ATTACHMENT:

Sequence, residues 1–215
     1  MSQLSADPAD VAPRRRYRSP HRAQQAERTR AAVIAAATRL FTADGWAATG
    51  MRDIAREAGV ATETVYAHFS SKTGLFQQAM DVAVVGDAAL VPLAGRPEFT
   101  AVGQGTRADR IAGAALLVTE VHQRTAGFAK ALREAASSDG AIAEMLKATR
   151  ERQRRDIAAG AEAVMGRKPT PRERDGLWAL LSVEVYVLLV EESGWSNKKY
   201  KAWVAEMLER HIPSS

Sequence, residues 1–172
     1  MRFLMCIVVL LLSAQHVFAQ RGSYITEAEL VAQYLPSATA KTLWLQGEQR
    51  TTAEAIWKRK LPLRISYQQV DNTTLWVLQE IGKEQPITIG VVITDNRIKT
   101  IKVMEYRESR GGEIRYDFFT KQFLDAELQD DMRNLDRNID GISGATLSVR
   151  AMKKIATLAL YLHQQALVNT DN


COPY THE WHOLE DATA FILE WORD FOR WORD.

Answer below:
Sequence, residues 1–215
     1  MSQLSADPAD VAPRRRYRSP HRAQQAERTR AAVIAAATRL FTADGWAATG
    51  MRDIAREAGV ATETVYAHFS SKTGLFQQAM DVAVVGDAAL VPLAGRPEFT
   101  AVGQGTRADR IAGAALLVTE VHQRTAGFAK ALREAASSDG AIAEMLKATR
   151  ERQRRDIAAG AEAVMGRKPT PRERDGLWAL LSVEVYVLLV EESGWSNKKY
   201  KAWVAEMLER HIPSS

Sequence, residues 1–172
     1  MRFLMCIVVL LLSAQHVFAQ RGSYITEAEL VAQYLPSATA KTLWLQGEQR
    51  TTAEAIWKRK LPLRISYQQV DNTTLWVLQE IGKEQPITIG VVITDNRIKT
   101  IKVMEYRESR GGEIRYDFFT KQFLDAELQD DMRNLDRNID GISGATLSVR
   151  AMKKIATLAL YLHQQALVNT DN